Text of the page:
Nutrition & Your Skin
The proverb “you are what you eat “ still holds true; Healthy skin is the product of balanced diet and water intake. Proper dietary choices help regulate hydration, oil production and overall cell function. On a daily basis, our goal should be consuming the right amount of macronutrients and micronutrients for our individual needs.MACRONUTRIENTS
: Macronutrients are the basic building blocks necessary for bodily functions, including the functioning of the skin. The macronutrients are the three basic food groups, proteins, carbohydrates, and fats. They make up the largest part of nutrition we eat Eating foods found in all three of these basic food groups is necessary to support health of the body. According to USDA's DASH Eating plan , the following are the daily recommendations: protein 20% , carbohydrates 54%, fat 26%, based on an intake of 2000 calories . MICRONUTRIENTS
: Micronutrients are vitamins and minerals that we need for proper body functions including copper, iodine, zinc and selenium. They are used in processes carried out by the cells for production of many biochemical necessary for life. Vitamins play an important role in skin's health by aiding in healing, softening and fighting skin disease. Experts agree that eating foods rich in nutrients and loaded with vitamins and minerals is the most important way to achieve health in general; however taking vitamin and mineral supplements may provide additional skin support. Vitamins fall into two categories: fat soluble (A,D,E and K) and water soluble (vitamin B and C). Generally, fat soluble vitamins are stored in the body while the water soluble vitamins are generally not stored in the body and replenished .
Most of these can be obtained through many foods. The following are a few examples of nutrients and their sources.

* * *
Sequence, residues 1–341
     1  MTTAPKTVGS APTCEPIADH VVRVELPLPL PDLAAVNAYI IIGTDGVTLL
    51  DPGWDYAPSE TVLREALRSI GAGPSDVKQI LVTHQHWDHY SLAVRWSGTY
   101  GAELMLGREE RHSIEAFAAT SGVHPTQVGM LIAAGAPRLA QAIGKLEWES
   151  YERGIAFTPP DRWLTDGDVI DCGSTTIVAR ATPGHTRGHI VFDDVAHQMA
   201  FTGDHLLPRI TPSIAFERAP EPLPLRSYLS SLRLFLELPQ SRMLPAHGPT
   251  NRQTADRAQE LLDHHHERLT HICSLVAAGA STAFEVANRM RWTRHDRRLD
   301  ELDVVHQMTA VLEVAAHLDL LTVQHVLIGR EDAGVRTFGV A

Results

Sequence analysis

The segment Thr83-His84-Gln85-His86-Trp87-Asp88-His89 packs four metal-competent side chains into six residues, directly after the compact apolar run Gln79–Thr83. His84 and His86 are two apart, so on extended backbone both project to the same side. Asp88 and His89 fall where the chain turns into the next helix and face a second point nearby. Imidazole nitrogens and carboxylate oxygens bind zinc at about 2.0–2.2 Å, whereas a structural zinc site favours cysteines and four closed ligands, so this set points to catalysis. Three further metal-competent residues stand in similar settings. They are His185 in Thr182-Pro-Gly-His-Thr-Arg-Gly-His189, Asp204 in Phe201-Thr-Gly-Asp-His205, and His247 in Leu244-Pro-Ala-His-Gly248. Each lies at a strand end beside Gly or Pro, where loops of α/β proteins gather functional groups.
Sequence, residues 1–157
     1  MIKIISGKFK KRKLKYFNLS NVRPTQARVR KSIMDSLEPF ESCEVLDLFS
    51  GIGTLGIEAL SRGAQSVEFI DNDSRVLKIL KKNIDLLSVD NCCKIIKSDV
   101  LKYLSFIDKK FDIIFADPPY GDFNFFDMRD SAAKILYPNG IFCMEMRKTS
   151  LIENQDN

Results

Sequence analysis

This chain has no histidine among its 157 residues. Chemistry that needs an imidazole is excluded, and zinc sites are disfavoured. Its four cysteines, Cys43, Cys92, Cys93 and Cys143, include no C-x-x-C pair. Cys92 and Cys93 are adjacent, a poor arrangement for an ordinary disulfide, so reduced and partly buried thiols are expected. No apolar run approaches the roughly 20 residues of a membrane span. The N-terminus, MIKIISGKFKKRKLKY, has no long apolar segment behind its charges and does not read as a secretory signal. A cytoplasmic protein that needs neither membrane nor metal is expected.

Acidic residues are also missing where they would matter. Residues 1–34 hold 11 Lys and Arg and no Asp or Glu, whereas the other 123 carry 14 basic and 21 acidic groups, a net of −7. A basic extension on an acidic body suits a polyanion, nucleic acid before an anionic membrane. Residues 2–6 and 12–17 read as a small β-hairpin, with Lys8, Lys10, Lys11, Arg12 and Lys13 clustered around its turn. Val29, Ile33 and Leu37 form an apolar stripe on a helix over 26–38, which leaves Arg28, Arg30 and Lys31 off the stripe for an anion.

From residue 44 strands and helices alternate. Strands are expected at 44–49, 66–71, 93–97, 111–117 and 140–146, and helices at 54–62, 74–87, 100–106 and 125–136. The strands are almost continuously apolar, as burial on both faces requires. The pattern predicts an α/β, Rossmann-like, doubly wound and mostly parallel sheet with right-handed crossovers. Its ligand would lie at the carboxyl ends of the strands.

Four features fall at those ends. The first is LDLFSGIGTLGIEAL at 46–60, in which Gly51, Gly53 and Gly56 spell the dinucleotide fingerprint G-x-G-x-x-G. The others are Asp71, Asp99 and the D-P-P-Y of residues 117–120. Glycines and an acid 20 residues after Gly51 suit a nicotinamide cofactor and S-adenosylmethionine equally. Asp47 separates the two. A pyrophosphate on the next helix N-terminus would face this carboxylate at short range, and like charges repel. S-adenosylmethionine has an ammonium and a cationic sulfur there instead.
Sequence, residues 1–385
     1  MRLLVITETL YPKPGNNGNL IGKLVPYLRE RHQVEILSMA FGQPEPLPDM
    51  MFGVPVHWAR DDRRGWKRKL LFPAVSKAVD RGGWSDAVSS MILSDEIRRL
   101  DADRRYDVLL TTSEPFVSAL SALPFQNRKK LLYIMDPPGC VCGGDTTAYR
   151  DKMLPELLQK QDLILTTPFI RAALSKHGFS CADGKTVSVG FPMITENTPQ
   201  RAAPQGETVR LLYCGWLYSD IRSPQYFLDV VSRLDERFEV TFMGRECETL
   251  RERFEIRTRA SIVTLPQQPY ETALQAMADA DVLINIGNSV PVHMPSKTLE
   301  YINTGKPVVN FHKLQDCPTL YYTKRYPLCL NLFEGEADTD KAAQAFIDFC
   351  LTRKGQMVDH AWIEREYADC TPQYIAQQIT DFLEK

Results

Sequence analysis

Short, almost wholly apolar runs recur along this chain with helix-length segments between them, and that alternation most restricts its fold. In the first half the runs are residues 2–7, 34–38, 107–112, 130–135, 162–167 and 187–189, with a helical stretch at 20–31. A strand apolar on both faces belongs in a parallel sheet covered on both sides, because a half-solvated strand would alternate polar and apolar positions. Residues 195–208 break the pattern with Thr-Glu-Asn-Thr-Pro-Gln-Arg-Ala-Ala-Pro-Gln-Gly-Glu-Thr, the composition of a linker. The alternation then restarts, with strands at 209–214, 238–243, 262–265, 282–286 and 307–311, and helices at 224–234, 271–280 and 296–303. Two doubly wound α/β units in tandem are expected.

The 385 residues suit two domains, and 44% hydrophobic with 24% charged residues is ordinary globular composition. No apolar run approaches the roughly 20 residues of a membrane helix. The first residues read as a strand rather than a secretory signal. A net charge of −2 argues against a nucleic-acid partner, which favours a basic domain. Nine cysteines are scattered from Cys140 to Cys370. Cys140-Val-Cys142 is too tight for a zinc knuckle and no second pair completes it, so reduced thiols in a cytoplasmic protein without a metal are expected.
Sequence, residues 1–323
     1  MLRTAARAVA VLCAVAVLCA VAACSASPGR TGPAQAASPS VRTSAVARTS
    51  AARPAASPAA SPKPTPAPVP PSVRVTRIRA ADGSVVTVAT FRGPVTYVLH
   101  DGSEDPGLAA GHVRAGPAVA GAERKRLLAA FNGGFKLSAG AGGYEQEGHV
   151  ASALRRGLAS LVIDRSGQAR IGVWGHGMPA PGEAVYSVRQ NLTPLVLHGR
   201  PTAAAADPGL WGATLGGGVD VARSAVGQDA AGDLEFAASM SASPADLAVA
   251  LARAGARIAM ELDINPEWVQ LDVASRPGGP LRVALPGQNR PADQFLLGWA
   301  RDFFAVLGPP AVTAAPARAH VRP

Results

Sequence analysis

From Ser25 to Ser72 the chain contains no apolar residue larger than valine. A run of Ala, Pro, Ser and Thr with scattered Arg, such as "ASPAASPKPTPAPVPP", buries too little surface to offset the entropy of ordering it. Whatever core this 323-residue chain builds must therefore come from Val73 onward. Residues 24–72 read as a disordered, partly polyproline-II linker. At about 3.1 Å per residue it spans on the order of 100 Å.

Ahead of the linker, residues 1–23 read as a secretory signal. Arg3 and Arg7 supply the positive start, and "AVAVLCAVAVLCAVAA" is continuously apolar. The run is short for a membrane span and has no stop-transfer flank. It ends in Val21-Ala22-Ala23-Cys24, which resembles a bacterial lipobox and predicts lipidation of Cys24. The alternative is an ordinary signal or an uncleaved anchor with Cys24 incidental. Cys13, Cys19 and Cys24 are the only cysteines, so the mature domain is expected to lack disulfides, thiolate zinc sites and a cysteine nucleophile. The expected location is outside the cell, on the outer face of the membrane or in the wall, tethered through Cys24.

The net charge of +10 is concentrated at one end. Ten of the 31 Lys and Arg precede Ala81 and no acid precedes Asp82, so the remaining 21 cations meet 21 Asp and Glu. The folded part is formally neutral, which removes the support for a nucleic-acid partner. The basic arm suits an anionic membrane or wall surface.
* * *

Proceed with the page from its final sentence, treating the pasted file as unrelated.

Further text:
Vitamin A: Yellow / green fruits and vegetables, carrots, fish liver oil.
Function: growth and repair of the body tissue and bone
Deficiency: night blindness, fatigue, dry skin, bone
Vitamin D: Egg yolk, meats, fish , fortified milk
Function: healthy bone healthy circulatory functions, nervous
Deficiency : rickets , osteoporosis, poor bone growth, nervous
Vitamin E: Green vegetables, meats, eggs, vegetable oils
Function: cellular respiration, red blood cells, inhibits coagulation
Deficiency : gastrointestinal conditions, heart disease, abnormal
fat deposits in muscles, muscular atrophy.
Vitamin C: citrus fruits ,vegetables, tomatoes and potatoes
Function: collagen maintenance, aids in healing and resistance to
Deficiency: slow healing wound, nosebleeds, poor digestion,
B complex (Niacin) : poultry, fish, milk products
Functions: metabolism, healthy skin, blood circulation, essential for synthesis of sex hormones.
Deficiency: fatigue, indigestion, skin conditions, loss of appetite
This is by no means an exhaustive list of nutrients and their functions but I wanted to mention a few common vitamins to give you an idea and hopefully answer some of your questions. However before starting any diet or switching your diet I would urge you to visit a professional(trained and qualified) in order to tailor a healthy routine for your own needs/lifestyle.
In part two, I will share a few lifestyle tips help in your journey to healthy skin .
If you have questions please contact us or leave in comment section below
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